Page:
In the lead-up to the July 3 election, BP has blogged on a number of polls as follows:
- The E-san poll, as blogged about here and here, which surveyed all 20 provinces in the Northeast which looked at who those surveyed would cast their party vote for (Puea Thai 63.9%, Democrats, 20.7%, and Bhum Jai Thai, 9.1%),
- Nationwide NIDA poll which looked at who people would cast their constituency vote for (Puea Thai 23%, Democrats 20%, Bhum Jai Thai 3%, undecided 53%),
- Nationwide Suan Dusit poll which showed who people would cast their party vote for (Puea Thai 41%, Democrats 37%, Bhum Jai Thai 4% OR if you remove the undecideds and those who will vote no you get Puea Thai 45%, Democrats 41%, Bhum Jai Thai 4%),
- Bangkok-only DPU poll which showed that Puea Thai would win 19 constituencies, Democrats 5 and the rest were too close to call, and
- Nationwide Suan Dusit poll which showed who people would cast their party vote for (Puea Thai 43%, Democrats 37%, Bhum Jai Thai 3% OR if you remove the undecideds and those who will vote no you get Puea Thai 47%, Democrats 41%, Bhum Jai Thai 3%),
- Poll of the Lower North showing how people would cast their party vote for (Puea Thai 23.2%, Democrats 22.2%, 4.5% for other parties, and 50.1% were undecided), and
- Nationwide NIDA poll which looked at who people would cast their constituency vote for (Puea Thai 22%, Democrats 13%, undecided 64%) and party vote (Puea Thai 23%, Democrats 13%, undecided 64%)
- Nationwide Bangkok-only DPU Poll which shows that Puea Thai is leading in the constituency vote 47% to Dems 40% and party vote 47% to Dems 39%.
BP: BP has posted about the accuracy of Thai polls and the problem of using a single poll – hence why we have the above refresher which will be included and updated for future posts on polls. Polls may be poorly worded and not so reflective of those who will vote on July 3, but they are no data points and together with other information we can use them to evaluate.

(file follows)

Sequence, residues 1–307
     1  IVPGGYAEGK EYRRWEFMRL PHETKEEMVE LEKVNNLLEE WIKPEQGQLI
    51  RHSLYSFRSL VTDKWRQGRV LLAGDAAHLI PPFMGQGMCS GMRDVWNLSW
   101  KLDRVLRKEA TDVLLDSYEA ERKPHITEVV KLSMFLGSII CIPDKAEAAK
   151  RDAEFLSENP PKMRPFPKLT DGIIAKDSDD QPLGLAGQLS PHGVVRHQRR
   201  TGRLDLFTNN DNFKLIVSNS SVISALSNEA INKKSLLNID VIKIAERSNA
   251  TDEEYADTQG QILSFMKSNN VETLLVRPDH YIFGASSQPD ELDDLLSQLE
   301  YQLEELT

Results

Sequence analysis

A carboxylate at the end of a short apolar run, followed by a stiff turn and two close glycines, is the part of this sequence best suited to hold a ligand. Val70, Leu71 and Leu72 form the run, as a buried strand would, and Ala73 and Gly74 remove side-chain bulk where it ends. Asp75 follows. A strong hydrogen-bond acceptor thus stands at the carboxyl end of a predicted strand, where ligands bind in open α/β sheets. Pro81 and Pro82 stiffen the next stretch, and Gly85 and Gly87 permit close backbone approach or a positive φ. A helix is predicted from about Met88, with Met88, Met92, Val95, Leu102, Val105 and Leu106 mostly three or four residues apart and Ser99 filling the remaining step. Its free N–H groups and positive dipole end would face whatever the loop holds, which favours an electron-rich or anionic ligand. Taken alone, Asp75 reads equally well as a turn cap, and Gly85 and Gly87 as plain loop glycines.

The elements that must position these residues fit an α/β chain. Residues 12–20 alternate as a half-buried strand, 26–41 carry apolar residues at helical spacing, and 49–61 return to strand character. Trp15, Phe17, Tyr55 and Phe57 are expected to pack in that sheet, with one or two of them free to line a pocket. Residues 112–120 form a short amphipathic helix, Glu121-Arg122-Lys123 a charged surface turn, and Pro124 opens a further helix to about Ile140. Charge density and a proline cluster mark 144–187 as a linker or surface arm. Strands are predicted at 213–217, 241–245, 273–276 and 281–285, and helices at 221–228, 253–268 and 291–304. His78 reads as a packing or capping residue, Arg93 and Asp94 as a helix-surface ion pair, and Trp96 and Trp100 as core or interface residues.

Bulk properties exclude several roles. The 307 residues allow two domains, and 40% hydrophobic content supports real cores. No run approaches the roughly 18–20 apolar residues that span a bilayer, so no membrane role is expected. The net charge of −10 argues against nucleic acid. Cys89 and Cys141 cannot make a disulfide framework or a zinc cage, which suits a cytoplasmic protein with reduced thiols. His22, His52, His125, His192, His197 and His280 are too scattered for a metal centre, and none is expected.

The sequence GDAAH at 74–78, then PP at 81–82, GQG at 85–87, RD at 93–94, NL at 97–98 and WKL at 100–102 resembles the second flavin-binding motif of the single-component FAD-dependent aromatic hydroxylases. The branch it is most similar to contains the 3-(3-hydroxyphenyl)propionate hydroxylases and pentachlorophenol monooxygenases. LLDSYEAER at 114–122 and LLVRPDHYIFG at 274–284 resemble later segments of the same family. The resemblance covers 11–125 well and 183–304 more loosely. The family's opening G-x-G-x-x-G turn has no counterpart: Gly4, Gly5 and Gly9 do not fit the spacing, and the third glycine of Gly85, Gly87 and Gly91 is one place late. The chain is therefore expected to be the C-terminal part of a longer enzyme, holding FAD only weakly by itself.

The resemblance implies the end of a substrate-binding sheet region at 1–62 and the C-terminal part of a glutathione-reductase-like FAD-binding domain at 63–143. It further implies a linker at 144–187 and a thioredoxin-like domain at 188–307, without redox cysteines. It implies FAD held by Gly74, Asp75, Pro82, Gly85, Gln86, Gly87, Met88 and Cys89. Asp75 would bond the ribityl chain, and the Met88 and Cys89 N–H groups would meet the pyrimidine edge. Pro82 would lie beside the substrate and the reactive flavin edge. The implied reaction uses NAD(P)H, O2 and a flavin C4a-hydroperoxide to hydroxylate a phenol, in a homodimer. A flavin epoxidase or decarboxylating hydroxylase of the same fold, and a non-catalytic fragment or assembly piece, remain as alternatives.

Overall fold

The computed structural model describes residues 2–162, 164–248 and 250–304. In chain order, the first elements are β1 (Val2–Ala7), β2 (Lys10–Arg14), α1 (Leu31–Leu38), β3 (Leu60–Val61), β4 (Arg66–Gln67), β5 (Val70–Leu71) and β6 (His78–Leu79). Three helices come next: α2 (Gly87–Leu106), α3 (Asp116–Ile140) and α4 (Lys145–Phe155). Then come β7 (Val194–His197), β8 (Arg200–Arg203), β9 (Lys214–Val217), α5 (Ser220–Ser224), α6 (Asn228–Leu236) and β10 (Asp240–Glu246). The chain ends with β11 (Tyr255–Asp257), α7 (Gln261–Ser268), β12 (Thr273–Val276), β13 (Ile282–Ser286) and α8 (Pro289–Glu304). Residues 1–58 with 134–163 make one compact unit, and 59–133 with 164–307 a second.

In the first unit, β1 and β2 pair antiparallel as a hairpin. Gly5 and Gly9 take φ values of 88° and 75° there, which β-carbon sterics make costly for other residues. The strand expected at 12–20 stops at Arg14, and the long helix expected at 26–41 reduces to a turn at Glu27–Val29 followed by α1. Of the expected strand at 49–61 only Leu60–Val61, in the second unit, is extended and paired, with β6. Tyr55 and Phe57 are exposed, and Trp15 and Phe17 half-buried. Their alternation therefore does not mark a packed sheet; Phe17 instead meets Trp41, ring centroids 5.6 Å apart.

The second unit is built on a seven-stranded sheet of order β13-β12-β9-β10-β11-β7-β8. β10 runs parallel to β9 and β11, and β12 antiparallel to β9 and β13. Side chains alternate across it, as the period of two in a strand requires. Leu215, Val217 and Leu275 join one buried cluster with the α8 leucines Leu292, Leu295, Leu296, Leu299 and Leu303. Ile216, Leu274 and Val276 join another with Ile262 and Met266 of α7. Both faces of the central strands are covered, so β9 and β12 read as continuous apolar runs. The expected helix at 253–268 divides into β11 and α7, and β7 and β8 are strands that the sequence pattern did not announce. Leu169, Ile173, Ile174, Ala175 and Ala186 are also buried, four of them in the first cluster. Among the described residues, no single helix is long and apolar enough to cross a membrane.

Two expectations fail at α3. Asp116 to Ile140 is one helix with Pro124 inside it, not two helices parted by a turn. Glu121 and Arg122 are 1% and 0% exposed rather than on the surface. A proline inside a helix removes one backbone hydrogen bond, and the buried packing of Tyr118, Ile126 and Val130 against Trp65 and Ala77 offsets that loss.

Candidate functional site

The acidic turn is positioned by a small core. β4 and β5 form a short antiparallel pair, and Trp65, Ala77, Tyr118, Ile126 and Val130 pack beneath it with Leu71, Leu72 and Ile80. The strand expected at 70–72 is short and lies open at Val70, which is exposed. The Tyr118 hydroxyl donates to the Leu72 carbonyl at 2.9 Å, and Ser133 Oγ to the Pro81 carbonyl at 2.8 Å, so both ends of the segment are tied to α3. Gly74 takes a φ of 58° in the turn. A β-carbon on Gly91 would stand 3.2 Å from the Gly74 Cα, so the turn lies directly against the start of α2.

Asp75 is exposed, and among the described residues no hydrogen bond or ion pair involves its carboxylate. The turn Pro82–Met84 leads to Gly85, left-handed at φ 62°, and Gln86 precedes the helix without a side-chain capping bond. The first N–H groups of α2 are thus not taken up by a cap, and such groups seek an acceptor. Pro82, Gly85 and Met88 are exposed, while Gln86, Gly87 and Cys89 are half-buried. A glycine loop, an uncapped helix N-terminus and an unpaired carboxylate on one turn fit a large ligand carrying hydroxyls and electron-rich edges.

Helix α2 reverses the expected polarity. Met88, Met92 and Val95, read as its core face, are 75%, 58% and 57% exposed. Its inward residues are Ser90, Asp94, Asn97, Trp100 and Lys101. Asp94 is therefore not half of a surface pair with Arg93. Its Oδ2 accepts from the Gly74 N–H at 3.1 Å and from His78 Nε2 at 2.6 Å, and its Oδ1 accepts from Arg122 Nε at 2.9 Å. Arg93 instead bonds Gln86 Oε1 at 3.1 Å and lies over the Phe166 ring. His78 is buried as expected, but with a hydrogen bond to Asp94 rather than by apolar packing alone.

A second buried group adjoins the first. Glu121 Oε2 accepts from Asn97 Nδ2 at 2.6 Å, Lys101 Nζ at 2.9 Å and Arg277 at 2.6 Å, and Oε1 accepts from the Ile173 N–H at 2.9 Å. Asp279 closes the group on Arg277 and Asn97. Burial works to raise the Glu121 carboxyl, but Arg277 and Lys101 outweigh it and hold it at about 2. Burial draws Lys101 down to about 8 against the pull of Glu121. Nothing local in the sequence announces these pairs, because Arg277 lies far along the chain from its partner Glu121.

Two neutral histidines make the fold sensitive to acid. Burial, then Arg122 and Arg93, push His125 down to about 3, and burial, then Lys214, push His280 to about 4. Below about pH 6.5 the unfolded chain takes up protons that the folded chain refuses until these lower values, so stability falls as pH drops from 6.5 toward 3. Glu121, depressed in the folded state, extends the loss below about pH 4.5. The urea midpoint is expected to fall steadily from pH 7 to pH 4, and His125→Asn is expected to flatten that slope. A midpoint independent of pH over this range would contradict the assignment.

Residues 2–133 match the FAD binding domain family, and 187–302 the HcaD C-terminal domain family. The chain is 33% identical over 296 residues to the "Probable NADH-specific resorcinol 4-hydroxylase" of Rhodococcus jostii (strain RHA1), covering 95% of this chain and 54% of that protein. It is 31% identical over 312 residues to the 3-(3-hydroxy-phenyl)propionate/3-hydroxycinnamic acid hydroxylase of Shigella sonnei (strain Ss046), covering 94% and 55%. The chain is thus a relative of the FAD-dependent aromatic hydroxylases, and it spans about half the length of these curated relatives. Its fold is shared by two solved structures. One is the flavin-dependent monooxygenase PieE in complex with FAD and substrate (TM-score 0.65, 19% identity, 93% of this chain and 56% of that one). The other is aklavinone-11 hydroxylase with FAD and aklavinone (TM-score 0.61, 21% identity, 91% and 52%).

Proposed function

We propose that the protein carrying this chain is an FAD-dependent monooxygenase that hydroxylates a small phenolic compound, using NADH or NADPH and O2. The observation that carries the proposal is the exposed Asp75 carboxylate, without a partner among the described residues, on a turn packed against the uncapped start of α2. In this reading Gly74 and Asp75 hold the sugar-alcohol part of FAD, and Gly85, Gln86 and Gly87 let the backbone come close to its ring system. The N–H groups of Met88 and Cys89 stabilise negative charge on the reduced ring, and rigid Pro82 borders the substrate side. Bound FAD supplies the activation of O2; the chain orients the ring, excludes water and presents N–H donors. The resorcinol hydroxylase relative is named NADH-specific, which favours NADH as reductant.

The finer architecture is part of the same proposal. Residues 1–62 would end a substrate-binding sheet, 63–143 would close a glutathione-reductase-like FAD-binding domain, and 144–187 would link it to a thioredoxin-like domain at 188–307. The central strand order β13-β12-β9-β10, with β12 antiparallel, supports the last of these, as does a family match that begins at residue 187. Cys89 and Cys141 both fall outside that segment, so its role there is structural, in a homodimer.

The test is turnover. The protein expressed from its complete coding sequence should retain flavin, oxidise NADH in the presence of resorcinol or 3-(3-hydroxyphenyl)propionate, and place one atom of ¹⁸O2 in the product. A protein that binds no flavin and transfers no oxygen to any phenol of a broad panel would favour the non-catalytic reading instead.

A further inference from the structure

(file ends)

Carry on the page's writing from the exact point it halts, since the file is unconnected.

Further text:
Bangkok Poll surveyed 3,323 people between June 2-9. The poll includes survey data methodology, but well ran out of time to blog it.
1. Intention to use right to vote to elect MPs on July 3 ( ความตั้งใจไปใช้สิทธิ์เลือกตั้งสมาชิกสภาผู้แทนราษฎร (ส.ส.) ในวันที่ 3 กรกฎาคม พบว่า)
Yes, 94% (89.3% will choose to vote for someone; 4.7 will choose the ‘no vote’ option).
No, 2.7% (1.1% are bored of politics, .9% working/busy/in other province, .4% don’t vote as usual, .3% if vote don’t see that it helps)
2. Popularity/support of political parties in choosing party list MPs (top 3) (only of those who said they will vote) (คะแนนนิยมที่มีต่อพรรคการเมืองในการเลือก ส.ส. ในระบบบัญชีรายชื่อ (3 อันดับแรก) (ถามเฉพาะผู้ที่ระบุว่าจะไปเลือกตั้ง))
3. What is the basis for your choice for your party vote (โดยเกณฑ์ที่ใช้เลือกผู้สมัคร ส.ส. ระบบบัญชีรายชื่อ)
Choose based on qualifications and past achievements of those on the party list, 44.9%
Choose based on policies of party, 39.5%
Choose based on fame of party, 15.6%
BP: In case you are wondering about the 7.8+2.4 not equalling the -7.9. This is because of the smaller parties and that the May 20-22 poll included the 3.9% of those who won’t choose anyone whereas this time they are excluded as they are included in Q1. Undecideds are still a little high – have another post about this point to come and one reason why Democrats maybe doing slightly worse in polls compared with reality (short hint: enthusiasm factor and unwillingness to admit they will vote Democrat)- although it is declining. The Democrats are not going to score 17.6% in Bangkok. It is likely closer to 40% if they do badly, but they can’t form a government only picking up 40% of the party vote in Bangkok.